We all fall victim to the old-aged ethos of The Citadel of “Old Corps”, similar to an aspect of the “Good Old Days”. “Back in my day, it was like this…that…or the other.” This applies to a plethora of things, extending into corps life, mess hall procedures, classes, air-conditioning, etcetera. Having finished knob year and began as a sophomore, I can’t help but somewhat feel this aspect and see it grow in my classmates. I see their disgust and feel their resentment when they see a knob lack fear in their eyes, or when they turn and burn the stairs at no chance of punishment. The black garrison is tarnished and the white gloves dirty, stripped of their pristine condition. The tiger has lost it claws, with the threat of TACS and rulebooks being a larger fear to someone than a cadre member ever was:
“Why should I fear this cadre corporal? Hell, if I feel like it, I can just report him for close to anything and, with today’s system, it’ll turn into an Honor Violation and they’ll be kicked out faster than they can even comprehend what’s happening.”
In some ways, Knob Year was better than sophomore year. In others, no, of course not. Sure, I do not have to brace, pop off, or eat square, but at least I was protected by the book. Now, if I so much as blink at a knob who’s feelin’ a bit brave, I’ll be stripped of my rank, slapped with tours, and ostracized for being a “Haze Daddy.” Honestly, if that’s what it takes to train ‘22, fine. If pushing ‘22 to their limits so they can carry on our “bastion of antiquity” costs me my rank and my weekends, fine. I’m willing to make that sacrifice. You declaw the Corp of Cadets for the sake of a mirage and instead of preparing ‘22 for the real world, for the military, you make them feel, and reinforce the fact, that we are just in fact toy soldiers who march around with fake rifles and scream for no reason. The Cadet Creed says:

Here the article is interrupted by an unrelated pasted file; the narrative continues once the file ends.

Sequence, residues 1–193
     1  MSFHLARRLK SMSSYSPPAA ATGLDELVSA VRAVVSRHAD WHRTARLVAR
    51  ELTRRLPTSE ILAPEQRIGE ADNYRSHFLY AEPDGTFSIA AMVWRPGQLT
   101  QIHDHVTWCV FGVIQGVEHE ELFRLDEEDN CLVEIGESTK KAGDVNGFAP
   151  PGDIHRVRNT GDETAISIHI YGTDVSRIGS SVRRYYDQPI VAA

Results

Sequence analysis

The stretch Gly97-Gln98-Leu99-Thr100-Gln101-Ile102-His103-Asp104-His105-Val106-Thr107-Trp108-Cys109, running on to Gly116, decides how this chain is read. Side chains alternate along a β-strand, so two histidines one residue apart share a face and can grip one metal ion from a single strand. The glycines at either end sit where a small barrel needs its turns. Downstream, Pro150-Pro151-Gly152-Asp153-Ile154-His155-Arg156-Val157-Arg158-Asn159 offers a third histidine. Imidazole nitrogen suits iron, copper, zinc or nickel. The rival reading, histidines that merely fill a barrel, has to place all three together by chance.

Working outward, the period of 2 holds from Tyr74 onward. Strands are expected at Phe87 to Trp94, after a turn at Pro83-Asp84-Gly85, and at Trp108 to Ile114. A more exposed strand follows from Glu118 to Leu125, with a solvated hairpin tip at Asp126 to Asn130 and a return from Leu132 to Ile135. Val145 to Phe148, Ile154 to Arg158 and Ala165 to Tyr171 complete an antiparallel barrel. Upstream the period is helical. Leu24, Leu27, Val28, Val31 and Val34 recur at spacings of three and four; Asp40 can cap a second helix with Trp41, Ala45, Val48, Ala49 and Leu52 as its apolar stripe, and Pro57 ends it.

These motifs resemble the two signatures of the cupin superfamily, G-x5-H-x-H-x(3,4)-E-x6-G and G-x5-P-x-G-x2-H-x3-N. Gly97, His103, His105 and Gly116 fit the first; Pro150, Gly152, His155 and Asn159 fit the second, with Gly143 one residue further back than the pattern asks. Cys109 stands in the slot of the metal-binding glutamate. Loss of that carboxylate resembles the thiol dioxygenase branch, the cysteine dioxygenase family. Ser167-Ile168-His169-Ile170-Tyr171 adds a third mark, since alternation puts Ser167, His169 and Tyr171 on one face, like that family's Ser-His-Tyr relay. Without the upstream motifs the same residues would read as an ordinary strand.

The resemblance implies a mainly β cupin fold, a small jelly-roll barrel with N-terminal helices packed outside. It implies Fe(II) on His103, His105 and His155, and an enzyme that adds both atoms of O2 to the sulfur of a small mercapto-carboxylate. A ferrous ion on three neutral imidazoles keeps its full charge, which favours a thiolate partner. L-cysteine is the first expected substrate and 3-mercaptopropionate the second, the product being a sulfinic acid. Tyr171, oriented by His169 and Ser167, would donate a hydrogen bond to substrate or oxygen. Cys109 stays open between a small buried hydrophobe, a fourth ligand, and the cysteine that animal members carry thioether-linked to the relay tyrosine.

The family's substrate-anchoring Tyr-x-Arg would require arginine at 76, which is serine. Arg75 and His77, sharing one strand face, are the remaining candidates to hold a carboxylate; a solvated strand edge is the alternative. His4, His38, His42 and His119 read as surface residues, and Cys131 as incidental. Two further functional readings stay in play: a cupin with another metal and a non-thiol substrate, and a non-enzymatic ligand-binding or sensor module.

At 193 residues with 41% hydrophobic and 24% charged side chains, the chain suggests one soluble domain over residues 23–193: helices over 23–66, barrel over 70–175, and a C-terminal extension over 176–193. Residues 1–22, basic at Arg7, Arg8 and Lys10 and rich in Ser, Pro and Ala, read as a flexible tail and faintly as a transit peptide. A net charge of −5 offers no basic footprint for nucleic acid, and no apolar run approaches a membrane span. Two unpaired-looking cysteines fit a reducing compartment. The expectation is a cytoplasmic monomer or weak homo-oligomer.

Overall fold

“ Never shall I fail my comrades. I will always keep myself mentally alert, physically tough, and morally straight, and I will shoulder more than my share of the task whatever it may be. Gallantly will I show the world that I am a well-trained cadet. My courtesy to superior officers, neatness of dress, and care of equipment shall set the example for others to follow. And under no circumstances will I ever bring discredit to The Citadel and the South Carolina Corps of Cadets.”
Are we really upholding this, Jenkins? Are we ensuring the world has well-trained cadets, are we setting the example, and are we really enforcing any aspects of morality or physicality? We do not apply pressure, so we will not produce diamonds. To make a diamond takes time and heat, both of which we are quickly running out of. We do not set an example, instead, we make each and every following class weaker and watch other schools rising to become the example that we are losing our grip on.
I will never say I had a “real knob year”, but I will say this; My cadre was not declawed and I am better for it. The pushing for mistakes, the constant pressure, it all improved me. We fail our cadet creed, we fail our alumni, and we fail ourselves. I ask you this, if we continue on this path, will their gold shine as bright as ours? Will we shine as bright as those before us in our graduation pictures? Will our ring weigh the same? You tell me.
-Anonymous Cadet Corporal